February 8, 2015
This is the third question in the #Teach2Teach series, a collaboration with Amy Lenord (@alenord) and Karen Tharrington, Foreign Language Education Program Coordinator at North Carolina State University. After finding out her pre-service education students were nervous about engaging in the #langchat conversation with their own comments and questions Amy encouraged her to have them submit questions to share with the world.
Question 3 comes from Jennifer who has asked a tough question, but one that every teacher has an answer to no matter what content area they teach. Jennifer asked…”What has been your most troublesome experience with teaching and how did you handle it?”
I thought a lot about this question and what my answer would be. There were the fleeting thoughts to blog about the time before I started using carefully constructed rubrics that I awarded a student 19/20 and couldn’t tell her why she lost the mark. Then there was the moment when I reminded a veteran teacher – in front of his student teacher – about something and he took it to be my embarrassing him in front of his new charge. But the more I thought the more I realized the most troubling experience I have had teaching is that moment when I realized that ‘how’ I was approaching second language education in my classes was not what I thought it should be. That moment when I realized that I was spending more time teaching – discreetly and overtly and mainly – grammar. That I was pushing my students to learn reams of vocabulary that were not relevant to them – because they were in the book. And that communication, risk and personal responsibility for learning were lacking in my classroom.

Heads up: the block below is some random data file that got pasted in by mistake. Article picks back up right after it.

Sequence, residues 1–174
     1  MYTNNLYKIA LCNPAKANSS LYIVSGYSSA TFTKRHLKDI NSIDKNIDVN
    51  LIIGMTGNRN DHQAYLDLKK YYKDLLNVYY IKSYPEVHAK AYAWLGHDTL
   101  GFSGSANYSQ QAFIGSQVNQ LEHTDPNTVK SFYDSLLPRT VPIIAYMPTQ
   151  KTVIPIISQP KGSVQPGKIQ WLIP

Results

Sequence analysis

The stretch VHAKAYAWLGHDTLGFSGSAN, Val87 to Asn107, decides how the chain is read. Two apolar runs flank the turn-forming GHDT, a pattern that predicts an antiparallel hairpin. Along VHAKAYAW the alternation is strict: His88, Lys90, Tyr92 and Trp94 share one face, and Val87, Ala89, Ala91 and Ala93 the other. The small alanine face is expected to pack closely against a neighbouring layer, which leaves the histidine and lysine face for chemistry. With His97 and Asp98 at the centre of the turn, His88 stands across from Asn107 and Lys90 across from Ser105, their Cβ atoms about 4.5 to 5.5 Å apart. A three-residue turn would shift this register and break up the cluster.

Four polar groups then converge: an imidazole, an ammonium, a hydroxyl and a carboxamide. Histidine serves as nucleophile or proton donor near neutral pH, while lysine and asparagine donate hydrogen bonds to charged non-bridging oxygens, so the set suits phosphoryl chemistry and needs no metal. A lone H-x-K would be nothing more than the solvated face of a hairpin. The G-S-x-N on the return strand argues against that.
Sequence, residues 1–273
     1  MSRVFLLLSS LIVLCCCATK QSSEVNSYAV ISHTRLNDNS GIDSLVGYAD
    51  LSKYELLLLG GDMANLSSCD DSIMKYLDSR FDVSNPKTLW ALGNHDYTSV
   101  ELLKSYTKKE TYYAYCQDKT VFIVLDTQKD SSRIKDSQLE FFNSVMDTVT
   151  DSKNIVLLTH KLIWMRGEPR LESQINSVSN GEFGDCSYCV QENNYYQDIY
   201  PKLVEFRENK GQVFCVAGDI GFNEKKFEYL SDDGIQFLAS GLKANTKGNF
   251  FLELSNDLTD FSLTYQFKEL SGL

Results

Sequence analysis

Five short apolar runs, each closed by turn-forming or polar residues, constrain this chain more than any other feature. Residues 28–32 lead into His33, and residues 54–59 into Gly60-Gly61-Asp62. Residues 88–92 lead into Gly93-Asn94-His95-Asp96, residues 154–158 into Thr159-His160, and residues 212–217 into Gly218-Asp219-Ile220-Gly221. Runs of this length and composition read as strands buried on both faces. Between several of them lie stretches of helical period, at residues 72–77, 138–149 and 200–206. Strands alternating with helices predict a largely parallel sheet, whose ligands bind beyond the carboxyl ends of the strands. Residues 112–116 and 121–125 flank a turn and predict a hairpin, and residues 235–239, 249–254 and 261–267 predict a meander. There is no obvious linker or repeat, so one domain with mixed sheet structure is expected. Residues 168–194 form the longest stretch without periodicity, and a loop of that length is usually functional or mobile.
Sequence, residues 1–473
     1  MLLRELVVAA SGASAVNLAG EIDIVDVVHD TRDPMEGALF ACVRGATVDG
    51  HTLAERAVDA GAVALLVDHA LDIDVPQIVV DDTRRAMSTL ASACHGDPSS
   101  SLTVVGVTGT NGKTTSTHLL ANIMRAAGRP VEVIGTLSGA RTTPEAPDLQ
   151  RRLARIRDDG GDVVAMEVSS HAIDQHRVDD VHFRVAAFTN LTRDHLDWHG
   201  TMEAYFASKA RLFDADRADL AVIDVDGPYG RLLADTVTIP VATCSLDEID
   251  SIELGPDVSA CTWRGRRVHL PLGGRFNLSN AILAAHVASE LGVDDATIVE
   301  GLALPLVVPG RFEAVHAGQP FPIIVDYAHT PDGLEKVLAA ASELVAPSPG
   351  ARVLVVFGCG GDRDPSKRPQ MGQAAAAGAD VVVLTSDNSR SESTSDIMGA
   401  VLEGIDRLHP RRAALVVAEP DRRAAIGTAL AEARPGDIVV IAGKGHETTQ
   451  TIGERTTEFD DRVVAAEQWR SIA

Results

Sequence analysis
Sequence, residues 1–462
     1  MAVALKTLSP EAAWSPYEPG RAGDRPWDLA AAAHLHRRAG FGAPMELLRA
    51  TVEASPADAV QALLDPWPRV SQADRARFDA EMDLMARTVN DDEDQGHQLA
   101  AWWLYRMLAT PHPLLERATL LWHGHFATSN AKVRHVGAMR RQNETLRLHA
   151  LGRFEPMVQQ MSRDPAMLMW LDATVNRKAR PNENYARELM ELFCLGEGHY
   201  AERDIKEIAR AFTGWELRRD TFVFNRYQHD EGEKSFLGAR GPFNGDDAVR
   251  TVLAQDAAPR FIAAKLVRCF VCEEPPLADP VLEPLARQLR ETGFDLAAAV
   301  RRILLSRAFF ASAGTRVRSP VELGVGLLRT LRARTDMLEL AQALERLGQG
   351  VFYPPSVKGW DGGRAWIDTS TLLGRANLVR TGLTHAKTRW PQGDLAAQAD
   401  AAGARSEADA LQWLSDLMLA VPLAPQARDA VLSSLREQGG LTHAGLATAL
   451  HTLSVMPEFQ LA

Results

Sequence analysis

I’ve written several times that I was the “get the perfect textbook/workbook program and you’re done!” kind of teacher. I remember being in my principal’s office begging for funds because ” if I got this program I’d never have to get another one again!” Along with the text/workbook reliance I was someone who was highly skilled at teaching Japanese – or rather teaching about Japanese. My students were drilled and coached to perfection. But the reliance was on writing – and if your writing was poor your chances of success in my class were too. Moreover if your brain didn’t work like I taught – good luck. It was a happy place for me – I had everything set – and then suddenly it wasn’t.
I don’t know quite when I became so troubled about HOW I was teaching – I don’t recall a moment in time when the feeling suddenly occurred. But I do remember going into my principal’s office and telling him that after 14 years of teaching I was bored. “I think that I am done” I told him. “I have no motivation, I can’t get hyped up about my lessons, I’m just going through the motions.”. He was really encouraging – and urged me to think about my classroom and try to identify what it was that was making me so – well – bored about what was happening. At the same time I stumbled upon #langchat on twitter. The more I lurked then participated the more I realized that I wasn’t bored..okay I was…but rather that somewhere inside I was realizing that I didn’t like my tightly bundled program. That I was spending more time teaching about things than challenging students to use what they were learning. That my classroom was way too focused on what I wanted my students to learn and not enough on what they wanted to do. And so I began to change it up. My most troubling experience was that I was not the teacher, leader, coach that I wanted to be….